By Dean Weingarten
Arizona – -(Ammoland.com)-
On January 13, 2014, a retired police officer, Curtis Reeves, and his wife were preparing to watch “Lone Survivor” in a theater in the unincorporated area of Wesley Chapel, part of the Tampa Bay Florida metro complex.
Directly in front of the retired officer and his wife were another couple, Chad Oulson and his wife.
Reeves and Chad got into a dispute after Reeves asked Chad to stop using his cell phone during previews.
The case has been characterized as a retired police officer shooting someone who threw popcorn at him. I was surprised to see the reality when surveillance video of the confrontation was released. The violent confrontation took about 1.3 seconds.
During that period, Chad Oulson snatched the popcorn container from Reeves lap, flung it at his face from about a foot away, rapidly extended his hand toward Reeves face again, and pulls it back, fractions of a second before Reeves shoots. In the video, you can only see Oulson's outstretched arm and hand. The rest of him is outside the surveillance video frame.
Correction: There were two thrusts at Reeves, but the above paragraph has the sequence wrong. The first thrust is to grab the popcorn, the second is to fling the popcorn. The above paragraph states that the grabbing and flinging were in one motion, and then a second motion without the popcorn. That is incorrect. Tip of the hat to Kevin in the comments.
The outstretched Arm of Chad Oulson is under the red arrow. The container of popcorn is just to left, in flight. Head of retired officer Reeves is just to left of cup in flight, barely visible.
The defense in the case has nothing to do with the “Stand Your Ground” law. The action happened so rapidly that there was no chance to retreat. Reeves was confined in the theater chair, is elderly, and in no condition to fight a younger man. Both men are large, but Oulson, at 43, was nearly 3 decades younger, in his prime. Clearly, this was an assault by Oulson.
The establishment news coverage has characterized this as a “Stand Your Ground” case, and the pre-trial hearing as a Stand Your Ground hearing.
In reality it is a completely separate part of the the law, a pre-trial immunity hearing. The immunity hearing just ended, with the judge finding a preponderance of the evidence did not prove self defense. From palmbeachpost.com:
A retired Florida police captain who shot and killed a man in a movie theater will face a second-degree murder charge after a judge ruled that the state’s “stand your ground” law does not apply in this case.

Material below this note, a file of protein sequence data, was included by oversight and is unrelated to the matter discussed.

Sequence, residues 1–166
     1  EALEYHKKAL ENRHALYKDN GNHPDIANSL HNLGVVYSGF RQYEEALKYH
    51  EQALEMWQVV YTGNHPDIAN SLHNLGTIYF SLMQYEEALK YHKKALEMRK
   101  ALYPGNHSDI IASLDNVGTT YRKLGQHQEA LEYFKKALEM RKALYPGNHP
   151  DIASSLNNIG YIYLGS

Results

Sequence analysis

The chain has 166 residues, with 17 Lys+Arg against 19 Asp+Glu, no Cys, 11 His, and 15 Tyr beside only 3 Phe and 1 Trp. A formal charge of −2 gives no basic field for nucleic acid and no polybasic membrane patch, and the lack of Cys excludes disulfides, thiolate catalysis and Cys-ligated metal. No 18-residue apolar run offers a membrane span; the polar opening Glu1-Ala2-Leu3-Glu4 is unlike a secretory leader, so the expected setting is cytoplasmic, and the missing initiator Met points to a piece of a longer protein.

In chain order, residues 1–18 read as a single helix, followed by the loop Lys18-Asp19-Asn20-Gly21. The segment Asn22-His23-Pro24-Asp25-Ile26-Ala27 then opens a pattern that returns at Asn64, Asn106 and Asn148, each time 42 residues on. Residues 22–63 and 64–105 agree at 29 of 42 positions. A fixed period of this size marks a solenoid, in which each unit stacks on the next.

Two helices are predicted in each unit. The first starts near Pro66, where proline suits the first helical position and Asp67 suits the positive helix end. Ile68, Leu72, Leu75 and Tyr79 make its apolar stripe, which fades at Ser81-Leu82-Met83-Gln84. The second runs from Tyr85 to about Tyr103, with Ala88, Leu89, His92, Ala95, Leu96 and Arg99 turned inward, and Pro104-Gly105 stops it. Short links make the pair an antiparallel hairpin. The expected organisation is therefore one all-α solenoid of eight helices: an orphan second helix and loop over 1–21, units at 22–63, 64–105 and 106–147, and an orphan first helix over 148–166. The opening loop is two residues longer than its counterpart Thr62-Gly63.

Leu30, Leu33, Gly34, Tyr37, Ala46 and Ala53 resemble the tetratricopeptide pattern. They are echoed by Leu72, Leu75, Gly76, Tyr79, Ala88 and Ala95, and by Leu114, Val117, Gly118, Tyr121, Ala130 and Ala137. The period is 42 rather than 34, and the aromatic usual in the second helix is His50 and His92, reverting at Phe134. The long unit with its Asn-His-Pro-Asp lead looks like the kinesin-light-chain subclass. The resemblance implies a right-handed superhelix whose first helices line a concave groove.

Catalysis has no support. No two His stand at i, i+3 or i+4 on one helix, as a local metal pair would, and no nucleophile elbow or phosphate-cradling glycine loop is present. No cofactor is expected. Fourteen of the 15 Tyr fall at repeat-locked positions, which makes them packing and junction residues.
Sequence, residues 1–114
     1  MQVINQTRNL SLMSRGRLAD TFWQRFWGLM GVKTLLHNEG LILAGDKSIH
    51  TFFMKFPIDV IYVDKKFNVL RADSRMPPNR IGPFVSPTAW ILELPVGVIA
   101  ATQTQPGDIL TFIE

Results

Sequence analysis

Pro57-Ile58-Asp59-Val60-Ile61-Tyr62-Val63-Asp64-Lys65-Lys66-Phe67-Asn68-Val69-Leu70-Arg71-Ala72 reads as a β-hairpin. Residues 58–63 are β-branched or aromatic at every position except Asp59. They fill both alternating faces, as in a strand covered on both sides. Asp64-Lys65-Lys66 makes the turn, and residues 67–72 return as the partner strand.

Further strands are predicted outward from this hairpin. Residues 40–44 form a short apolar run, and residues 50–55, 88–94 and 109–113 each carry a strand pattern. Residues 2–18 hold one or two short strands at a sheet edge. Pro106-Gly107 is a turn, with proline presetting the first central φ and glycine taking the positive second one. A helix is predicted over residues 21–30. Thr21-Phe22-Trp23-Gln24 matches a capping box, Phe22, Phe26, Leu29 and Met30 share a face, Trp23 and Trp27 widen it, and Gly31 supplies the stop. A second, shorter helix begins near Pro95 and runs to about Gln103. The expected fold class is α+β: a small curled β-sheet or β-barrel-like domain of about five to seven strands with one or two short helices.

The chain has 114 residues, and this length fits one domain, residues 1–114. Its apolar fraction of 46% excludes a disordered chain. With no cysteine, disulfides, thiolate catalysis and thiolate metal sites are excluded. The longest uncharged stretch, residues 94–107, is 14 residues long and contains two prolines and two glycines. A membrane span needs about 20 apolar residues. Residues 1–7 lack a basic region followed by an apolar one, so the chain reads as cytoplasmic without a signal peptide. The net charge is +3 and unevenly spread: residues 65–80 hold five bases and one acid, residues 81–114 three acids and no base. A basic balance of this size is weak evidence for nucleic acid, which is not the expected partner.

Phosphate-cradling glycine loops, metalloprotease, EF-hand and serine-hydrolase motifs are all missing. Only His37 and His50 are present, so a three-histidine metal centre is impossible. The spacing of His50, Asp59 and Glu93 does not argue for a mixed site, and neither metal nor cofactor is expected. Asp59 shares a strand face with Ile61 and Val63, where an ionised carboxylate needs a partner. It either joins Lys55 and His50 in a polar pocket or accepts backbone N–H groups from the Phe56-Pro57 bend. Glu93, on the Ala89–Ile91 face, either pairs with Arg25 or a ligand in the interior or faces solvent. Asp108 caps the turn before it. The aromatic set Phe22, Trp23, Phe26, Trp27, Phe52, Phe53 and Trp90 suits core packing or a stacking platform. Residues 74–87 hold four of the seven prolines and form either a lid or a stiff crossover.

The hearing will be appealed. From tampbay.com:
Dino Michaels, a member of Reeves' defense team, said they respect the judge's ruling but intend to file a challenge with the Second District Court of Appeals.
One of the strongest points of the defense is that Reeves, 71, was defending against an assault on the elderly. That makes Oulson's assault on Reeves a violent felony. In Florida, deadly force is justified to stop a violent felony. From fox6now.com:
“The claim of the defense is that Mr. Oulson was committing a felony against Mr. Reeves by abuse of the elderly when he threw his cell phone at Mr. Reeves,” Swartz said.
The judge in the immunity hearing never mentioned the violent felony justification in her ruling. She did not refute it or dispute it.
This was a tragic case. It seems that either party could have de-escalated early on. Either party could have moved to other seats. It looked as though there were many empty seats. It did not get physical until Oulson snatched Reeves popcorn and flung it in his face at extremely close range.
This may be a classic case of the old canard: “Don't frighten an old man. He won't fight. He will just kill you.”
©2017 by Dean Weingarten: Permission to share is granted when this notice and link are included.
About Dean Weingarten;
Dean Weingarten has been a peace officer, a military officer, was on the University of Wisconsin Pistol Team for four years, and was first certified to teach firearms safety in 1973. He taught the Arizona concealed carry course for fifteen years until the goal of constitutional carry was attained. He has degrees in meteorology and mining engineering, and recently retired from the Department of Defense after a 30 year career in Army Research, Development, Testing, and Evaluation.